Work preferences, life values, and personal views of top math/science graduate students and the profoundly gifted: Developmental changes and gender differences during emerging adulthood and parenthood

Kimberley Ferriman, David Lubinski, Camilla P. Benbow
2009 Journal of Personality and Social Psychology  
Work preferences, life values, and personal views of top math/science graduate students (275 men, 255 women) were assessed at ages 25 and 35 years. In Study 1, analyses of work preferences revealed developmental changes and gender differences in priorities: Some gender differences increased over time and increased more among parents than among childless participants, seemingly because the mothers' priorities changed. In Study 2, gender differences in the graduate students' life values and
more » ... al views at age 35 were compared with those of profoundly gifted participants (top 1 in 10,000, identified by age 13 and tracked for 20 years: 265 men, 84 women). Again, gender differences were larger among parents. Across both cohorts, men appeared to assume a more agentic, career-focused perspective than women did, placing more importance on creating high-impact products, receiving compensation, taking risks, and gaining recognition as the best in their fields. Women appeared to favor a more communal, holistic perspective, emphasizing community, family, friendships, and less time devoted to career. Gender differences in life priorities, which intensify during parenthood, anticipated differential male-female representation in high-level and timeintensive careers, even among talented men and women with similar profiles of abilities, vocational interests, and educational experiences. Although gender differences are apparent in several personality attributes relevant to career development (Brownemost of the recent scholarly and public debate on women's underrepresentation in high-intensity science, technology, engineering, and math (STEM) careers has focused on the contribution made by gender differences in the abilities requisite for outstanding achievement in STEM (Ceci & Williams, 2007; Halpern et al., 2007) . Perhaps this is because that topic (gender differences in abilities) is so controversial and emotionally charged. However, gender differences in lifestyle preferences and orientation toward life may be more important to women's underrepresentation in high-intensity STEM careers than one might conclude from the relatively small amount of attention devoted to them in the literature. Lifestyle preferences and orientation toward life refer to priorities and sources of life satisfaction including and beyond career fulfillment, such as work-family balance, community involvement, and relationships with others. The research described here investigates gender differences in lifestyle preferences among men and women who have the ability, passion, and training to excel in high-intensity STEM careers. Our approach not only in essence holds ability constant but also narrows the population down to the one most relevant for study: those who are supremely qualified to work in high-intensity STEM careers. During the process of choosing a career, people gauge the compatibility of their lifestyle preferences with the lifestyle requirements of potential careers. However, lifestyle requirements are only one of many aspects that people consider in this process. According to Gottfredson's (1981 Gottfredson's ( , 2005 theory of circumscription and compromise, people also consider the career's gender type (whether it is typically held by men or women), its prestige level,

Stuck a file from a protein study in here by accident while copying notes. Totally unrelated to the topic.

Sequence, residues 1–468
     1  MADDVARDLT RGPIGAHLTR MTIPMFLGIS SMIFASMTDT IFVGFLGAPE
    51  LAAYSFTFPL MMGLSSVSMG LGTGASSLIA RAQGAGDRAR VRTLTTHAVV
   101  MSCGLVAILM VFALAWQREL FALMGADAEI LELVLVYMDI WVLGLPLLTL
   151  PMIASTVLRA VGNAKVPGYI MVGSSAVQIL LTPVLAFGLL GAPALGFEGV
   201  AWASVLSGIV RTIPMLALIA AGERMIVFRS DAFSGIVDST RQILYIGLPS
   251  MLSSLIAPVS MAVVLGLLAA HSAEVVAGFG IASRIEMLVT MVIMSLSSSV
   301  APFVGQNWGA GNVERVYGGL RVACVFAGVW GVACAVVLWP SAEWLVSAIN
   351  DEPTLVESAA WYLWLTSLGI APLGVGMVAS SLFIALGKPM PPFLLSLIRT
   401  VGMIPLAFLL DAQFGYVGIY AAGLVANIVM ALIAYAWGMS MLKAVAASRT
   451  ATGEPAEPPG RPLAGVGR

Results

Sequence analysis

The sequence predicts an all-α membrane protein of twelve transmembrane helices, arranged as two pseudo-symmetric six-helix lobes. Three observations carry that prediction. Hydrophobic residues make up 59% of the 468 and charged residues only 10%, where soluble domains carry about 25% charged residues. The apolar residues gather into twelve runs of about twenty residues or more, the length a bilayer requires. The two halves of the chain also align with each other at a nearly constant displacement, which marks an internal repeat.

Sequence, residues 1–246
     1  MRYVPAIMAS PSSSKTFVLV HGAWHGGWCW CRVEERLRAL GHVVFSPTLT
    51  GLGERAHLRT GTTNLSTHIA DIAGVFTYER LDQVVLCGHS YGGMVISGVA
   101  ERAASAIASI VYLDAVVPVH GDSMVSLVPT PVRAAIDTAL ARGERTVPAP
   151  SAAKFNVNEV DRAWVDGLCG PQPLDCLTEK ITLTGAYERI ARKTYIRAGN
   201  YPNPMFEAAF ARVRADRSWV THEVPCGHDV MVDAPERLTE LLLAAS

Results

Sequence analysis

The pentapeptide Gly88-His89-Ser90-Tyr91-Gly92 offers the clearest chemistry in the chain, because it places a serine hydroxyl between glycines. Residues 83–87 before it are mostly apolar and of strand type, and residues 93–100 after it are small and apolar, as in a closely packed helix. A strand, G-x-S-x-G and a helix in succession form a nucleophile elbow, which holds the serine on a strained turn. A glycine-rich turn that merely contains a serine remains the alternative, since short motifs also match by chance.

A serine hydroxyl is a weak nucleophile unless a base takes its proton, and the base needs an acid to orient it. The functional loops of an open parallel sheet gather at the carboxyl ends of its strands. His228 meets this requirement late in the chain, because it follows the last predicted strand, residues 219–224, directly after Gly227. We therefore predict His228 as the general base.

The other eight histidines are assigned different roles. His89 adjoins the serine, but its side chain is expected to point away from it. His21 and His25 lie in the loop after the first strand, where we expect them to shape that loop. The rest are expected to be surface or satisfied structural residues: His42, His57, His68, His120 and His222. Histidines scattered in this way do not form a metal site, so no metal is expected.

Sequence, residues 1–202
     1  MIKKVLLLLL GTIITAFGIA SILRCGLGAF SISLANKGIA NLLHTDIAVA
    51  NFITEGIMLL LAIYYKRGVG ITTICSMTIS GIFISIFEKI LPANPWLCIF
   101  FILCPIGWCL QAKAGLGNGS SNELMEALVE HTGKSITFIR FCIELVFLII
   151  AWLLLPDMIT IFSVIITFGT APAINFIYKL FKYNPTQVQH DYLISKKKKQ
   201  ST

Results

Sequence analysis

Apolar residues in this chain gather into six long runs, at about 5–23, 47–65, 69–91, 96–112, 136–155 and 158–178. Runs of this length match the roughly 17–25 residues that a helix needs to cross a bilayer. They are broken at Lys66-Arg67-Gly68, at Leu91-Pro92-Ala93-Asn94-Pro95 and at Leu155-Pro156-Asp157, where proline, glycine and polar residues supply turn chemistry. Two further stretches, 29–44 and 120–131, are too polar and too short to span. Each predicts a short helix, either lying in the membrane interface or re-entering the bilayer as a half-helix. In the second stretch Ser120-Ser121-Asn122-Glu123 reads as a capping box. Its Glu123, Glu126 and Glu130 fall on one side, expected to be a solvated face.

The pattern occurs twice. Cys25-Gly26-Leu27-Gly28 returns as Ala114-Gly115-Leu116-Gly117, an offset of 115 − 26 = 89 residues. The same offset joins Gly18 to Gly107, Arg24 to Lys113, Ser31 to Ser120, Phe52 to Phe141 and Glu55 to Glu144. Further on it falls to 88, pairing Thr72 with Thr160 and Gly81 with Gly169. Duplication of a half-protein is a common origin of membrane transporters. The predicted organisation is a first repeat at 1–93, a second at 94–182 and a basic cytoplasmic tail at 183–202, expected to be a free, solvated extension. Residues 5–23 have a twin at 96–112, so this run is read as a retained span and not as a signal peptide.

doi:10.1037/a0016030 pmid:19686005 fatcat:hvv2f5j3pfgu5k2cg4qxvc2b2i